Art censorship debacle rocks College Avenue

The+portion+of+Anastasiia+Shakhurinas+22+mural+depicting+a+Tesla+car+in+space+was+put+up+the+Friday+before+Family+Weekend%2C+but+the+uncensored+version+of+the+right+side+was+put+up+Tuesday.+%28Photo+courtesy+of+Anastasia+Shakhurina+22%29

The portion of Anastasiia Shakhurina’s ’22 mural depicting a Tesla car in space was put up the Friday before Family Weekend, but the uncensored version of the right side was put up Tuesday. (Photo courtesy of Anastasia Shakhurina ’22)

Nathan Kornfeind

Anastasiia Shakhurina ’22 was one of five art students asked to paint a mural for the side of College Avenue. Initially, however, only half of this mural was actually displayed.

Shakhurina’s work was for one of five billboards that the college asked capstone art students to create to celebrate Family Weekend and the inauguration of President Hurd. According to Kymble Clark ‘22, one of the students in the capstone, the assignment was advertised to their class as an opportunity to show artistic capabilities and to support and promote the college. At first, most of their fellow students were not enthusiastic about interrupting their own capstone work to create these murals. However, after discussions with their professor, they decided it would afford an opportunity to express their feelings—including critiques of the school.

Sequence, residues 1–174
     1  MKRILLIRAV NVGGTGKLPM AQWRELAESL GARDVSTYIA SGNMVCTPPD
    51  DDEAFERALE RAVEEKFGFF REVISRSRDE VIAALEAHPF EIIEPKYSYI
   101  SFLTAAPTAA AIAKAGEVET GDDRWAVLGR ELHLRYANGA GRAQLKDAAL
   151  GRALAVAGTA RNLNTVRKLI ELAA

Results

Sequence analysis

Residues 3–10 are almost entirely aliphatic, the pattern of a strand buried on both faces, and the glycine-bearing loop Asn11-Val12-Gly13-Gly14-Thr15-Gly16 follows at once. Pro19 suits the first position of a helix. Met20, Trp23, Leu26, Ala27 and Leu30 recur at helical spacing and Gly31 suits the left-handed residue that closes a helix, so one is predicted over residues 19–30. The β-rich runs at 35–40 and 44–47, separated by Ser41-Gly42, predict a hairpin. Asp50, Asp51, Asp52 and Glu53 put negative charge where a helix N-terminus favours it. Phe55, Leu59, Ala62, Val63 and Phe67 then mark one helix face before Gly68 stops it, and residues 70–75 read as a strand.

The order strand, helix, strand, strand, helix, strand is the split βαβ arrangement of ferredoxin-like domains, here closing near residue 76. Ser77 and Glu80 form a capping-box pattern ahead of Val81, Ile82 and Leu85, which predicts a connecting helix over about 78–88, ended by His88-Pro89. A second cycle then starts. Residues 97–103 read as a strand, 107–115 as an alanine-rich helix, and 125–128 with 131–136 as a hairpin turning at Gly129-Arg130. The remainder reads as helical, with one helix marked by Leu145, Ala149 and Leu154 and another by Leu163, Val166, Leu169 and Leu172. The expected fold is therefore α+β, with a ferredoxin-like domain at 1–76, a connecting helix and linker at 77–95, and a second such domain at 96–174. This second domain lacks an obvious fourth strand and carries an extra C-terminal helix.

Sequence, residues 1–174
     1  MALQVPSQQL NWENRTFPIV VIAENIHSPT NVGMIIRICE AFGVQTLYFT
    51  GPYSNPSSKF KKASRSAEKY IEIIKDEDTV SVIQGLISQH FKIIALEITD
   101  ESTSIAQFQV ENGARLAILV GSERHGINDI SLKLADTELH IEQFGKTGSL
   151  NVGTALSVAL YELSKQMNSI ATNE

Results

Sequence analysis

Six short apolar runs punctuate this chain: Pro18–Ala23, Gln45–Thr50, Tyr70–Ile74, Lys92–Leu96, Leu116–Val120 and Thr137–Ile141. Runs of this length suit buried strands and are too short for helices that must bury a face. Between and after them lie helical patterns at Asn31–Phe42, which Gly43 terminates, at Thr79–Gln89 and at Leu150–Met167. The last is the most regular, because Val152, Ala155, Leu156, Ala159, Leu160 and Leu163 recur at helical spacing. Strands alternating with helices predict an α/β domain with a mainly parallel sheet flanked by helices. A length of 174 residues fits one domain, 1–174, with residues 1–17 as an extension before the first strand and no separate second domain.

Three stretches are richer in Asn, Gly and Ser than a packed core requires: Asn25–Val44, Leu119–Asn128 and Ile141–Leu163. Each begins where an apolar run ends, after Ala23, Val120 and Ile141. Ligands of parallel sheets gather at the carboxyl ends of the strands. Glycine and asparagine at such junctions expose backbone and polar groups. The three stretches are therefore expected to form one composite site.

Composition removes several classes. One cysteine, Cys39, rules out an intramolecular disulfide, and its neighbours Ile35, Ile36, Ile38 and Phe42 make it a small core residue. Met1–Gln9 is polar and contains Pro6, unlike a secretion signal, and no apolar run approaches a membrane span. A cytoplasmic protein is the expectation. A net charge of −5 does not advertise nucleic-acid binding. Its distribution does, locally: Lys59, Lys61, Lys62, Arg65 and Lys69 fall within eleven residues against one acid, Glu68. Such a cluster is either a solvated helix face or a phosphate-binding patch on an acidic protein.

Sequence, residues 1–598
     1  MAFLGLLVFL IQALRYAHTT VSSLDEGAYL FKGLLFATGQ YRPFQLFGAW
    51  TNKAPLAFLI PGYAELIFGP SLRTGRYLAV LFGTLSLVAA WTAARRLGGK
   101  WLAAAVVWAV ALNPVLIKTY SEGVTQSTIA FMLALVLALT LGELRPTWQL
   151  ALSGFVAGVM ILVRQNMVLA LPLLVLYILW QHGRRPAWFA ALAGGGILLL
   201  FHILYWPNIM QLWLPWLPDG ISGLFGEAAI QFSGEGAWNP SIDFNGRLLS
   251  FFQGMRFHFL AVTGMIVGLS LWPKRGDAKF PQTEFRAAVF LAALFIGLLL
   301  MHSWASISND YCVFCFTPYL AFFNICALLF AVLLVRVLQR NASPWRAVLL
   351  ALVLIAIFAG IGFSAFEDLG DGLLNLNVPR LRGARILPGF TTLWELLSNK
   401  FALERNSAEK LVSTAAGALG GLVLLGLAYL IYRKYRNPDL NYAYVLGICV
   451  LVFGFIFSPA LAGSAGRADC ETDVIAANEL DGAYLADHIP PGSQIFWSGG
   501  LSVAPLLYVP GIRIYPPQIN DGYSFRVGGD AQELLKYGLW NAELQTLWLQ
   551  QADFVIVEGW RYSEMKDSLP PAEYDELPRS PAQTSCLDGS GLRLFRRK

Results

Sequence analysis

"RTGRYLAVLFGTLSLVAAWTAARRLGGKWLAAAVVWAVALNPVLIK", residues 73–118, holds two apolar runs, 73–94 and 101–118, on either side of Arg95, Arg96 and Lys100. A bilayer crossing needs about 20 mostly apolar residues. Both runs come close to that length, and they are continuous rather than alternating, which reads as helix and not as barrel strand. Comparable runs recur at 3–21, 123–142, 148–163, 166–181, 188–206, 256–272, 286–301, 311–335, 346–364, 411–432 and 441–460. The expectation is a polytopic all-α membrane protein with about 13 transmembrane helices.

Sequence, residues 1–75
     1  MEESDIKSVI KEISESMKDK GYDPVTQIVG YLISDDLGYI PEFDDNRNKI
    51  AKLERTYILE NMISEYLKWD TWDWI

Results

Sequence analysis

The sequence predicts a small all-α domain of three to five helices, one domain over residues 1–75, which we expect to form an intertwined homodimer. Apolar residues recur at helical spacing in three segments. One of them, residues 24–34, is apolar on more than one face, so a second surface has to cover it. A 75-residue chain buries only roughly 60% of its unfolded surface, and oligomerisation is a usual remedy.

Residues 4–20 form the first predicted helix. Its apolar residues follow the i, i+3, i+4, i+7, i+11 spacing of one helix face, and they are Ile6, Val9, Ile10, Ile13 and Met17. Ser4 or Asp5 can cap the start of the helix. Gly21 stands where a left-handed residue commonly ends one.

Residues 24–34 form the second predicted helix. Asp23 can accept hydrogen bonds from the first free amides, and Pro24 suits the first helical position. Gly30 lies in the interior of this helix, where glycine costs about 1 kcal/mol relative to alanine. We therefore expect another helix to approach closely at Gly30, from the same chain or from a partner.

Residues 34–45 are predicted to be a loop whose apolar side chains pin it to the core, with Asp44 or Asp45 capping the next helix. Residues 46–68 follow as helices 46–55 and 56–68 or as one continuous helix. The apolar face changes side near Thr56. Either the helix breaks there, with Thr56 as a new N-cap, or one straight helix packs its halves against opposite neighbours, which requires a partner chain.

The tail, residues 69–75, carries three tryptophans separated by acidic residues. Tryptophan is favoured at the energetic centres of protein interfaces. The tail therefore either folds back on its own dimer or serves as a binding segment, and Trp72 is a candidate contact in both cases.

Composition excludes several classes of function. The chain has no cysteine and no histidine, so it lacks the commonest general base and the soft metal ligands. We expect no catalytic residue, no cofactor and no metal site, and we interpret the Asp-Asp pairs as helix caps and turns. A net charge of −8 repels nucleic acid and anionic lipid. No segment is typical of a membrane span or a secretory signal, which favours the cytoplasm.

Shakhurina got the inspiration for her work after seeing Elon Musk launch a Tesla car into outer space. The image stuck with her. For three weeks she worked to create a pulp-style piece depicting a nude girl running away from the symbol of capitalism, wealth and power that she thought the Tesla car represented. Shakhurina applied the theme to Lafayette. 

“It kind of represents how it is important to value students’ lives and our community more than the college values money and business and profit. And I didn’t even think about the nudity part, I just never thought that this would be a problem that would come up,” Shakhurina said.

Shakhurina stayed up all night working on her piece before it was to be installed on Friday. A few hours after Facility Operations picked up her artwork for the installation, however, a staff member called her and noted that they did not hang up half of her billboard because it depicted a naked woman.

Shakhurina immediately contacted her capstone professor and the facilities office, but could not get a clear answer as to why the half of the billboard depicting the naked woman had not been put up. 

It remains unclear who was behind the decision to not put up that part of the billboard. While Shakhurina noted that it was Facility Operations that she was in contact with, she does not know whether someone in the administration ordered it. 

“I don’t want to put blame on people who don’t deserve blame,” she said. 

Director of Facilities Scott Kennedy declined to comment and directed questions to Vice President for Communications and Marketing Mark Eyerly. Eyerly noted in an email that the painting was not put up to avoid offending people who were in town for College Hill’s porch fest and for Lafayette family weekend.